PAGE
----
Jason Barickman

Illinois Attorney General

Illinois Attorney General Lisa Madigan on Monday defended her right to give legal advice to state lawmakers conducting a probe into a troubled
Chicago anti-violence program that was overseen by Gov. Pat Quinn's administration.
 
Madigan's role has been questioned by Paul Schimpf, a Republican attorney running against the three-term Democrat in the November election. His campaign
has argued that she faces a conflict of interest because a member of her staff served as co-chair of the Illinois Violence Prevention Authority Board, which

ILGA.gov

Subpoenas are going out to five former members of Gov. Pat Quinn's administration who were involved with his plagued anti-violence program, but two other insiders will not be served. As Quinn seeks reelection, he continues to be dogged by a program rolled out just before his last, close race for governor.

Republicans contend the timing wasn't a coincidence; they allege Quinn rushed to introduce the Neighborhood Recovery Initiative to curry favor with Chicago area leaders before the 2010 election. A state audit and media reports reveal it was botched.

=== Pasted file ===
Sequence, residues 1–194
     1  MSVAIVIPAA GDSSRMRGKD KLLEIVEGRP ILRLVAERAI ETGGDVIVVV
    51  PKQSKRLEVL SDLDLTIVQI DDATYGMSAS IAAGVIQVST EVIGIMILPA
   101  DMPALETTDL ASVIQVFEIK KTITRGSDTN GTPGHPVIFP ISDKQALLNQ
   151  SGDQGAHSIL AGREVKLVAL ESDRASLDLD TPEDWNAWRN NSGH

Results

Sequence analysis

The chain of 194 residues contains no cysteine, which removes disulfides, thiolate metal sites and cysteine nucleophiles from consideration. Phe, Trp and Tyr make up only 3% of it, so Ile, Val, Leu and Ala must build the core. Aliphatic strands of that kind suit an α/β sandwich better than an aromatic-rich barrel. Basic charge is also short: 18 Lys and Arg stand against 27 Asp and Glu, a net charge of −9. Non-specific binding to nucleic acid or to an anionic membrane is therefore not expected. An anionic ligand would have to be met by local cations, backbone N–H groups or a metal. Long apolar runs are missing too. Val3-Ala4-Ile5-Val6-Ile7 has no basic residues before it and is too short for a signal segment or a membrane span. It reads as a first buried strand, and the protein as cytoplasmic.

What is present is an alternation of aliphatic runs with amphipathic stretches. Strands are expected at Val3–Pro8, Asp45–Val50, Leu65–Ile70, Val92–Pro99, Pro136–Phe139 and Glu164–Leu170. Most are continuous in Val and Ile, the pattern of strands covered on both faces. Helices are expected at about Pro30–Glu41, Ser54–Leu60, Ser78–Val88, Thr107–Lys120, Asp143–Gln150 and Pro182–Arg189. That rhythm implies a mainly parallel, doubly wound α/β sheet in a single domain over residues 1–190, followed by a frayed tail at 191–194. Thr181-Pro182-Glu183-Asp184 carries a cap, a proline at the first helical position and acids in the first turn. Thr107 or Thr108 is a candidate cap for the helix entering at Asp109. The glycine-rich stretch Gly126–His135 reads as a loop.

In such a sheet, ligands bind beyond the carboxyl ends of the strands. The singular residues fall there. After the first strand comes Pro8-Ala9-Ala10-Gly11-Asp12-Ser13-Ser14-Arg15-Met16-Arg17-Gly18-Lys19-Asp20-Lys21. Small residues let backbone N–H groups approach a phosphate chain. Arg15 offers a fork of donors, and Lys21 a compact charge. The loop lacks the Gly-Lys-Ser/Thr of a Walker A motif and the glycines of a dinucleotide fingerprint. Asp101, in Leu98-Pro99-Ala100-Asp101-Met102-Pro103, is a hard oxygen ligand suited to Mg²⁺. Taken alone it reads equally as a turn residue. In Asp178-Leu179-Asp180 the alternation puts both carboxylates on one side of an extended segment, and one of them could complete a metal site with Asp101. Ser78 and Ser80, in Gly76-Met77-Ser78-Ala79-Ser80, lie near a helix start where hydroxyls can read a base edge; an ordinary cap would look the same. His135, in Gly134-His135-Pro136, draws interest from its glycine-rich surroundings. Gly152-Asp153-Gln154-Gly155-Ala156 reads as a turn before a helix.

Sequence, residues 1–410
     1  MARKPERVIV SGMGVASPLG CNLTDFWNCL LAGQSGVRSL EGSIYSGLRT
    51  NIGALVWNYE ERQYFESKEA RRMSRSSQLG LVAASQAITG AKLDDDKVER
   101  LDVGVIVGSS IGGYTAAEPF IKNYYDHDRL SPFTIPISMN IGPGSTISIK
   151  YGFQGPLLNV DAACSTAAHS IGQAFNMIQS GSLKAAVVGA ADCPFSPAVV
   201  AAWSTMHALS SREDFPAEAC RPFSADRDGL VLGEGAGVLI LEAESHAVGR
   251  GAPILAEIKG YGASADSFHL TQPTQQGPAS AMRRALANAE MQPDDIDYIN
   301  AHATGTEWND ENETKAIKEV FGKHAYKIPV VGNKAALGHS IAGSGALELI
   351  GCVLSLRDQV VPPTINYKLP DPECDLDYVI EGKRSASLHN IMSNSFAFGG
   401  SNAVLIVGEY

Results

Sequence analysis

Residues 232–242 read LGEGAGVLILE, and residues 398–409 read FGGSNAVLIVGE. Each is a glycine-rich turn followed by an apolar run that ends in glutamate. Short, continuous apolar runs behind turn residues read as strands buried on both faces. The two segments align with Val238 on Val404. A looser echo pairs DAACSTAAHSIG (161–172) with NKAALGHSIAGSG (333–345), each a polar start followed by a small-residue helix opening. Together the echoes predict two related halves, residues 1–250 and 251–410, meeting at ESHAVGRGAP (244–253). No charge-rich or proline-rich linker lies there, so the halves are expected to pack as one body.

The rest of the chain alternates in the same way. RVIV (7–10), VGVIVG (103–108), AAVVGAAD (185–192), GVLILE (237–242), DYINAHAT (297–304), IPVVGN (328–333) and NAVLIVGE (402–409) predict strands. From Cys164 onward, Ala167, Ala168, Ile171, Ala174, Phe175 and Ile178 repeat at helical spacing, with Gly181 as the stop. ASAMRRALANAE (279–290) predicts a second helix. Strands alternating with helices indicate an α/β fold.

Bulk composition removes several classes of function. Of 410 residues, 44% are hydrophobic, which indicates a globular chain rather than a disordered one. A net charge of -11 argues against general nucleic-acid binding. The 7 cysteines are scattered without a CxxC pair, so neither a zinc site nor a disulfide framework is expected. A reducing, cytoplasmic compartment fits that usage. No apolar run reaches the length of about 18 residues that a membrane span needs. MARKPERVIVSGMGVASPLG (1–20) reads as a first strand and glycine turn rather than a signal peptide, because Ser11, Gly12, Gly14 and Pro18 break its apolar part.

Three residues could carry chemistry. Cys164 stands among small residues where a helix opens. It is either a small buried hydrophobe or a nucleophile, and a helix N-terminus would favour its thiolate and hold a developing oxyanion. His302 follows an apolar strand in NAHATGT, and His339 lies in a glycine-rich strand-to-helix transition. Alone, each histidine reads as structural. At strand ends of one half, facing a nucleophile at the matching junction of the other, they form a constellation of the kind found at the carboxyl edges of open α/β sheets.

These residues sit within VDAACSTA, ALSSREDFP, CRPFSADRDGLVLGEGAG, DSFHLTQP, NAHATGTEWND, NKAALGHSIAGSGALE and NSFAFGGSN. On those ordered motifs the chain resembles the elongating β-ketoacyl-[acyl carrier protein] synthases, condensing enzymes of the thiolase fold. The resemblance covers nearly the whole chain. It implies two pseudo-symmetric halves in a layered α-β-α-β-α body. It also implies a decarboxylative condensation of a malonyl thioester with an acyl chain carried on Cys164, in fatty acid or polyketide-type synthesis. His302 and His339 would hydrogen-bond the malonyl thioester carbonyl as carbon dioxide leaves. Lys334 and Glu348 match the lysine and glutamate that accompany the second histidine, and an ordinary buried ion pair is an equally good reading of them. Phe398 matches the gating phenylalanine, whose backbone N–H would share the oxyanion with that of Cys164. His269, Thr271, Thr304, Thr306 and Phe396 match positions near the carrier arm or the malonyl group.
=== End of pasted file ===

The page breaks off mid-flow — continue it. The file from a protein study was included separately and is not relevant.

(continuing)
Gov. Pat Quinn
Brian Mackey/WUIS

The Illinois unemployment rate is at its lowest mark in five years. Democratic Governor Pat Quinn is touting the news, but the state still lags the nation.       

Governor Quinn was exuberant during a stop at a manufacturing company in the Chicago suburbs.

“Unemployment is at it's lowest rate in the last 5 and a half years and we're very happy to say that Illinois' economy is on a roll,” Quinn said.

The unemployment rate fell to 7.9 percent, according to the Illinois Department of Employment Security. 

Lt. Gov. Sheila Simon
WUIS/Illinois Issues

History shows the political winds can change dramatically in Illinois.

 

Just ask Sheila Simon.

Simon, the daughter of the late U.S. Sen. Paul Simon, had a well-known pedigree but little statewide exposure when she was drafted to run for lieutenant governor in the 2010 election. 

“It was not,” Simon says, “something I’d spent a lifetime planning on.” 

Brian Mackey / WUIS

There are five days left in the Illinois General Assembly's spring session. Legislators have a lot of work ahead of them.  The House adjourns on Memorial Day at noon; the Senate convenes at 4 p.m.

                   

  

                                       

Typically, fighting over the budget carries into the waning hours of a legislative session.

But Democrats - who have enough seats to pass a spending plan without any Republican votes - say they've already reached a deal.